- Perpetuate the Town’s apparent noncompliance with the Virginia Code planning requirements regarding affordable housing.
The important, new George Mason University (GMU) report mentioned above is further discussed below. It is available through the GMU Center for Regional Analysis (CRA) website: http://cra.gmu.edu/. Herndon and other jurisdictions throughout the Washington metropolitan area rely on GMU for expert housing analysis.
Previously, EHI commented to the Town Council on October 28, 2011, regarding the deficient housing planning in the previous consultants’ proposal, which also had been recommended unanimously by the Planning Commission. (To read that letter, CLICK HERE.) The Council returned those recommendations to the Planning Commission in early November for further study, specifically noting major underestimates regarding traffic impacts of that proposal. EHI also had written to the Planning Commission on January 27, 2011, documenting the need for much more housing in conjunction with its Metrorail-area planning. (To read that letter, CLICK HERE.)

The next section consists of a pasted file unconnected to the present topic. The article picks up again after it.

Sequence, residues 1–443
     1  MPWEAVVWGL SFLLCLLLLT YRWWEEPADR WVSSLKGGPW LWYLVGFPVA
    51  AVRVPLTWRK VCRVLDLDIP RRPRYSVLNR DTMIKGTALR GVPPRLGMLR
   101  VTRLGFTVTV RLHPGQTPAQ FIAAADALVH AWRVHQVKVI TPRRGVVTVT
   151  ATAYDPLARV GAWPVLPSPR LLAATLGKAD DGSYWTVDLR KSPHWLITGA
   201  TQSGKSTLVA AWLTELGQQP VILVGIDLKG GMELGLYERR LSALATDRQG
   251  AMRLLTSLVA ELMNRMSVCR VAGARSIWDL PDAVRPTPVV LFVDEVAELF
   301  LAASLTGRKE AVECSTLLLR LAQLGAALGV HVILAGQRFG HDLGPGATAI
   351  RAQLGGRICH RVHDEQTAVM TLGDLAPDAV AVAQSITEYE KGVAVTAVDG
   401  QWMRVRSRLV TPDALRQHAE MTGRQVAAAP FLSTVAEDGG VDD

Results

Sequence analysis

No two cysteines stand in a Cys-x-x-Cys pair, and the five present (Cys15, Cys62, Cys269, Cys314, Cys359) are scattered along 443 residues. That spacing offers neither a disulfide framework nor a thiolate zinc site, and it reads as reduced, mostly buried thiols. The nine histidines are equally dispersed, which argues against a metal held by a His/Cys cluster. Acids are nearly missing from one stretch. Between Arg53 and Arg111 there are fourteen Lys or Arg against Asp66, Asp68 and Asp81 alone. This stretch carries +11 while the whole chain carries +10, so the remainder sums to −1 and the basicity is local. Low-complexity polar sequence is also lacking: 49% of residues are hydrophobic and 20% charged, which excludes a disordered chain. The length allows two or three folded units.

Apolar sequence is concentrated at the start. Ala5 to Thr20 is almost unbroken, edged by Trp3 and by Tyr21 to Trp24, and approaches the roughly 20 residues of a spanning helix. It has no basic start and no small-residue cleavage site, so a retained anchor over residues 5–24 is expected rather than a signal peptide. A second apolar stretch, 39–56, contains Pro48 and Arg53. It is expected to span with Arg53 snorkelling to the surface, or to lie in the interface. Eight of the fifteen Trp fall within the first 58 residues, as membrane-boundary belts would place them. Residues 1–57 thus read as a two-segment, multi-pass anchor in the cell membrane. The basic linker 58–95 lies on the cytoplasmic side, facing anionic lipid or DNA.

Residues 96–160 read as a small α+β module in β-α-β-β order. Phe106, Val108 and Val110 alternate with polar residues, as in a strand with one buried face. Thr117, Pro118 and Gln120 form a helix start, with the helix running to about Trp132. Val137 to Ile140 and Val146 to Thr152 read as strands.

The Town of Herndon abuts the North side of the planned Metrorail public transit station, which is part of the future rail corridor connecting Washington, DC (and the entire Metrorail system) with Dulles Airport in eastern Loudoun County, VA. (A map of the Dulles Rail Corridor is posted at: http://www.dullesmetro.com/stations/index.cfm.)